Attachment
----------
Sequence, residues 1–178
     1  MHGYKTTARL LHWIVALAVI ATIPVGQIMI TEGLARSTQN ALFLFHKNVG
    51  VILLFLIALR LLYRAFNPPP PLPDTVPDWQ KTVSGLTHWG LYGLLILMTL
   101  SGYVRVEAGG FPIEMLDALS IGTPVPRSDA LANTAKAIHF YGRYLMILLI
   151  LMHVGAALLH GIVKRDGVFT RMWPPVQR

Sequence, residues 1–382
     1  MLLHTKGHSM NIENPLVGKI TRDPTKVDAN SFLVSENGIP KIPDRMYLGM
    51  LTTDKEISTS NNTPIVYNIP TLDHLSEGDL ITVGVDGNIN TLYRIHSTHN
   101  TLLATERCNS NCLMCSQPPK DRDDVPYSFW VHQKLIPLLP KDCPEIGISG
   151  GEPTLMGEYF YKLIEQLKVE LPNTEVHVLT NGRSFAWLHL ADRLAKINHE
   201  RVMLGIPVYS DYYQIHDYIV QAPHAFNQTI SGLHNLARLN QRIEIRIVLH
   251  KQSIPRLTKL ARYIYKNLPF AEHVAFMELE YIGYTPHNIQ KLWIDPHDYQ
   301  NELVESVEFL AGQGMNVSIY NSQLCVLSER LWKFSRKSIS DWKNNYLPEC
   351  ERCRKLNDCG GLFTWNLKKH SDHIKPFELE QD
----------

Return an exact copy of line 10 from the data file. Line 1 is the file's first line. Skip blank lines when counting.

   151  GEPTLMGEYF YKLIEQLKVE LPNTEVHVLT NGRSFAWLHL ADRLAKINHE